It’s December 2018. You went on a couple of diets and now in December you’re 10kg heavier than the start of Jan. You’re looking forward to Jan 2019 so you can start another diet. But how successfully will you be? There is a problem with dieting and that is biology is against us (or for us as we shall see). Science has discovered that dieting doesn’t work and it’s because of biology and we will see how biology affects weight gain in dieters.
Statistics of Weight Gain
Statistics show that the long term rate of weight gain after diet is high. In scientific studies it has been shown in the US, individuals that have tried to lose weight, only 20% of them have been able to achieve and maintain a 10% reduction in body weight over a year. One third of people who lost weight regained the weight in the first year and the majority of people regained their weight in three to five years after first having lost weight. As a recovering dieter, these statistics are shocking. The latest research shows that it is the strong influence of biology that stops us from losing weight and makes us stack on the weight after we stopped dieting.
Three Forces That Are Keeping Our Weight Stable
There are three forces that control our weight. These are the environment, our behaviour and biology that wants to keep our weight stable. But underpinning all of these are our genetics. Our biology, in the face of changes in these forces keeps us from perpetual weight gain or wasting away, always tries to lead the body to a homeostatic weight or a ‘set point’. It leads us to eat more when we don’t eat enough food or eat less food when we are eating too much but this gets muddled when we diet.
Hormones That Are Effecting Our Appetite
Two hormones that are responsible for sending signals to the brain that let the brain know when to eat are leptin (secreted by fat cells) and insulin (secreted by the pancreas). During an energy restricted diet and weight loss, the adipose tissue (fat cells) reduce in size (you don’t lose fat cells during weight loss they just get smaller). This decreases the level of Leptin and Insulin in the blood stream sending a signal to the brain that there isn’t enough energy. The brain then releases hormones to the body to increase appetite signalling the body to eat more food for weight gain. The signalling goes to the hypothalamus, the centre where all our hunger and satiety cues come from.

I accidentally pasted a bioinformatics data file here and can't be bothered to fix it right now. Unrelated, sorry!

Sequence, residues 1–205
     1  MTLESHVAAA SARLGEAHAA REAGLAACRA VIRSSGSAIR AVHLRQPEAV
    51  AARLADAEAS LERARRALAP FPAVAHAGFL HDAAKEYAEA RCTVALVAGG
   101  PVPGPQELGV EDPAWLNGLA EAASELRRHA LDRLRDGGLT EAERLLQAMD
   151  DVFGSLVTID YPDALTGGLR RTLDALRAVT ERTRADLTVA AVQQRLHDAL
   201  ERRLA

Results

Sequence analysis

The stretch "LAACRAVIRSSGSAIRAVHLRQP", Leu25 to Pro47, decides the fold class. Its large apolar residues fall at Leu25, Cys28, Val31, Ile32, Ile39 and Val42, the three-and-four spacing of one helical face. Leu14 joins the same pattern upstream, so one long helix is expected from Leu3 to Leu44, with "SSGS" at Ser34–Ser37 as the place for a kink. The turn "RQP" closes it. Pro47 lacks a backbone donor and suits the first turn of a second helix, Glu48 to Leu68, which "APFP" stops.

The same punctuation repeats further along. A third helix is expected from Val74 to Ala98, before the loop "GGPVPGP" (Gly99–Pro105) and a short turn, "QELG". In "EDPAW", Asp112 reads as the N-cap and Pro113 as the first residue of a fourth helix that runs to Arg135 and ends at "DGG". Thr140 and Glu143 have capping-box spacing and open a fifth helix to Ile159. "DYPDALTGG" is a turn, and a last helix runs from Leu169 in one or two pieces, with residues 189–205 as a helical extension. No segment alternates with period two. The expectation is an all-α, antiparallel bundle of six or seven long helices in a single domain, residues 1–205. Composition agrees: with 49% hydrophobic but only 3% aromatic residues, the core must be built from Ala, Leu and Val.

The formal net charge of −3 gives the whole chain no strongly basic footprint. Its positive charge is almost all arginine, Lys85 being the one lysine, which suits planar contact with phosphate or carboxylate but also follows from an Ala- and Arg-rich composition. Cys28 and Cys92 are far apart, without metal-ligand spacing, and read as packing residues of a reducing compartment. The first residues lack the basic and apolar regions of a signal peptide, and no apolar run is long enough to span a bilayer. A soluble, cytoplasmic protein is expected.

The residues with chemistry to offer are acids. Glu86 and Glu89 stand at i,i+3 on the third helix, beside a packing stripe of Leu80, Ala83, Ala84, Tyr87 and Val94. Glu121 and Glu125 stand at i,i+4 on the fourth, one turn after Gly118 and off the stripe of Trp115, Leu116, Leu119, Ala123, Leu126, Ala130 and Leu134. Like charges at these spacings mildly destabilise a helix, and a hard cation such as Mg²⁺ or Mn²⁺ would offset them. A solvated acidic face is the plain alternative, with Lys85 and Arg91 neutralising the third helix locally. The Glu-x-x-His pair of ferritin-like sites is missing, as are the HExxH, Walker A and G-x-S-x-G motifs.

During dieting there is a reduced sensitivity to satiety signals meaning that the person will increase meal size with higher food intake. This means that when you are dieting you get very hungry and want to eat and will have a tendency to overeat (why eat a piece of cake when you can eat the whole cake).
What Happens To Long Term Dieters?
But the kicker is what happens in the long term from long term dieting. Weight loss causes a reduction in energy expenditure, or our metabolic rate reduces. But this continues after the weight has been regained along with the increased appetite. What’s worse is that the energy gap between how much energy the body burns and the increase in appetite increases the longer the person is on the diet and doesn’t dissipate on weight maintenance. This means that your metabolism continues to slow and your appetite continues to increase the longer you’re on a diet and remains at that level even after you’ve stopped dieting and a new ‘set point’ (homeostatic weight) is achieved (ie you’ve now stacked on 10kg)
In earlier blogs we’ve talked about what restrictive dieting can do to the brain (see blog) – it increases dopamine receptiveness so that we over eat. And here is another example of biology stopping us from dieting. In this example we have shown that the body wants to maintain homeostasis (a ‘set point’) and will do everything it can do to get us there. What’s the solution? Stop dieting as the body knows how much to eat and adopt an intuitive way of eating. This proven concept uses our hunger and satiety cues to listen to what the body needs in order to stay in homeostasis. A good book to read on this is ‘Just Eat It’ by Laura Thomas.
Paul S. MacLean, Audrey Bergouignan, Marc-Andre Cornier, and Matthew R. Jackman, ‘Biology’s response to dieting: the impetus for weight regain’, Am J Physiol Regul Integr Comp Physiol. 2011 Sep; 301(3): R581–R600.